Education Savings Accounts Offer Hope for Special-Needs Kids
Meet Lexie, the autistic little girl who also has cerebral palsy and who inspired Arizona’s special-needs school choice. She was not getting the care her mother wanted in her public school, reports Jonathan Butcher for the Goldwater Institute, so her mother tried all the options available until the state finally passed a law that allows her to attend a private school for autistic children. There, she thrives.
North Carolina K-12 and School Choice Survey
Fifty-six percent of North Carolina voters support education savings accounts in a poll commissioned by the Friedman Foundation for Educational Choice. Twenty-eight percent of voters opposed the idea. Polling firm Braun Research surveyed 601 people in June 2012 using industry standard practices, with an error margin of plus or minus 4 points.
ESA Basics: Key Points of Empowerment Scholarship Accounts
This fact sheet from the Goldwater Institute discusses how Arizona’s education savings accounts work. It describes eligibility and basic regulations on how parents may use the funds.
Preventing Fraud and Abuse in Education Savings Accounts
Any system that uses taxpayer dollars is subject to waste, fraud, and abuse, notes Jonathan Butcher in the Tucson Sentinel. Experience with government programs such as Medicaid and food stamps provides insight into how to stop and prevent similar fraud in Arizona’s education savings account program. Potential safety measures include random audits, a fraud reporting system, and letting parents buy surety bonds using account funds.
School Finance in the Digital-Learning Era
If states and localities combined their K-12 education spending, divided it by enrollment, and distributed dollars to schools only as students enroll, they could simultaneously eliminate the barriers to innovation and improvement inherent in current funding systems while dramatically slimming costly administrative structures, writes Paul Hill in a working paper for the Thomas B. Fordham Foundation. Parents could be given full access to their children’s education funds and allowed to purchase any form of instruction they wanted from any source. To reduce risk of mismanagement or fraud, he recommends limiting money and education options to small amounts and enrichment programs such as violin lessons.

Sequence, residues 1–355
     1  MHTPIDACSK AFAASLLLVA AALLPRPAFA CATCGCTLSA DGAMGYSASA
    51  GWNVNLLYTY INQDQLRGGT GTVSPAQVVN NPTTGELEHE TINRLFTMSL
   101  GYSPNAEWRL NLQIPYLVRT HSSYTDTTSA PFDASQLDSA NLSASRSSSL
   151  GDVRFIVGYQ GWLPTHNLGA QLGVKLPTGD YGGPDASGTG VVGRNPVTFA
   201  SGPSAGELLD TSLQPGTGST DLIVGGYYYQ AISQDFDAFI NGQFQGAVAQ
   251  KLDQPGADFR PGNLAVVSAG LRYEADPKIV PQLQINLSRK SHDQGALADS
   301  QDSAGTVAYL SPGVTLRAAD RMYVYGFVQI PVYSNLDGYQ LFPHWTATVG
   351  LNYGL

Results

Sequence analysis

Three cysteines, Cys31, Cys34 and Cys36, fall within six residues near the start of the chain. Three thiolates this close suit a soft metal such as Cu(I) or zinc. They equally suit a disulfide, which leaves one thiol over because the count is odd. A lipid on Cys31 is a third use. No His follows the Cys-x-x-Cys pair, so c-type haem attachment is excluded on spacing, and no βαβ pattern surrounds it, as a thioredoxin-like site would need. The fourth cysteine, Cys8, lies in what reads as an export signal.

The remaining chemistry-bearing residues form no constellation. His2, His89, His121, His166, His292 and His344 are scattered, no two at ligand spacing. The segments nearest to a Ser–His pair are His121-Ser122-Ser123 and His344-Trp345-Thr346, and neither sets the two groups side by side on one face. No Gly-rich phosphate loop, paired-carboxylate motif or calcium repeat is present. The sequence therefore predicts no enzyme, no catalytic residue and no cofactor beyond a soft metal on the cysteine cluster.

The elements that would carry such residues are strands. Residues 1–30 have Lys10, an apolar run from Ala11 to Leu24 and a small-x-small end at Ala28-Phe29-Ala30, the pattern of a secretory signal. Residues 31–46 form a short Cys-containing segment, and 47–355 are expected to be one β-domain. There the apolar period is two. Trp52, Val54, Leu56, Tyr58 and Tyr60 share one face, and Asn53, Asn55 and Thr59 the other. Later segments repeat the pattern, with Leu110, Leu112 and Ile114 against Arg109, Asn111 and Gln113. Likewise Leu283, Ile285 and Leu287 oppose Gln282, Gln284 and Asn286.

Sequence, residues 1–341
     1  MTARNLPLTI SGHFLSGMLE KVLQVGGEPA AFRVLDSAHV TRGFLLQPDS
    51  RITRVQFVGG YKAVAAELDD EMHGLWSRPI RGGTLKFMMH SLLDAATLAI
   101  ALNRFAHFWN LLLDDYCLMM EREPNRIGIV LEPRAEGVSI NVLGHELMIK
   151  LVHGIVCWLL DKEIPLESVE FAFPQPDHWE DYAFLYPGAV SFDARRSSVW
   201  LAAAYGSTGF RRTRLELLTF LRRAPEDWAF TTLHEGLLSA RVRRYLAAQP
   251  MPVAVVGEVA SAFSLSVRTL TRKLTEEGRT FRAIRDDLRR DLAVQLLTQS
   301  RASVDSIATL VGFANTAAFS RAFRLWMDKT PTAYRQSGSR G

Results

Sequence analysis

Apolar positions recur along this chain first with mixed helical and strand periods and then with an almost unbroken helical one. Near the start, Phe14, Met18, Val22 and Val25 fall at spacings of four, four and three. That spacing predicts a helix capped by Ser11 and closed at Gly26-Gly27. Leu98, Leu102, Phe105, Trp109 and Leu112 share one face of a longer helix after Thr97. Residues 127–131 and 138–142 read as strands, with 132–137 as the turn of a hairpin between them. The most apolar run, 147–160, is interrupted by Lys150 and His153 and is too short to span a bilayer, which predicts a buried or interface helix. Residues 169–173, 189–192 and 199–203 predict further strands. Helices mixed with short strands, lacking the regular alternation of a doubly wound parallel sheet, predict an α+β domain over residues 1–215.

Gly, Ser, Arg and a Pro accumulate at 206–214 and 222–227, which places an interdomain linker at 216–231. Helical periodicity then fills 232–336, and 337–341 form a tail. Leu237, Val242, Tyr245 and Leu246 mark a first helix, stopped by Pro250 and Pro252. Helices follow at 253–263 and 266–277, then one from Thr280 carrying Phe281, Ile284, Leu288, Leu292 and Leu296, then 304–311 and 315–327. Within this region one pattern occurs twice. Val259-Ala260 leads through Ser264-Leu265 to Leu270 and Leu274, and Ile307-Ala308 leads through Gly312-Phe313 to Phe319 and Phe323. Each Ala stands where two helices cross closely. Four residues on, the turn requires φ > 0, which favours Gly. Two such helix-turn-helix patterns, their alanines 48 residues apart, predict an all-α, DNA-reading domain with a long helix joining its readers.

The Way of the Future: Education Savings Accounts for Every Family
Nobel Prize-winning economist Milton Friedman proposed a system of school vouchers more than 50 years ago to improve education outcomes and efficiency. Technological advances now allow programs that replace state-funded tuition vouchers with actual accounts parents can manage to the last penny. Writing for the Friedman Foundation for Educational Choice, Matthew Ladner notes ESAs allow parents to choose between a much wider range of instruction than under the current system, including schools, tutors, online educational programs, and higher education. This gives parents incentives to judge education providers both on quality and cost—a unique and crucial trait currently lacking in publicly financed K-12 education.
Nothing in this Research & Commentary is intended to influence the passage of legislation, and it does not necessarily represent the views of The Heartland Institute. For further information on this and other topics, visit the School Reform News Web site at http://news.heartland.org/education, The Heartland Institute’s Web site at http://heartland.org, and PolicyBot, Heartland’s free online research database, at www.policybot.org.
If you have any questions about this issue or The Heartland Institute, contact Heartland education policy research fellow Joy Pullmann, at 312/377-4000 or [email protected]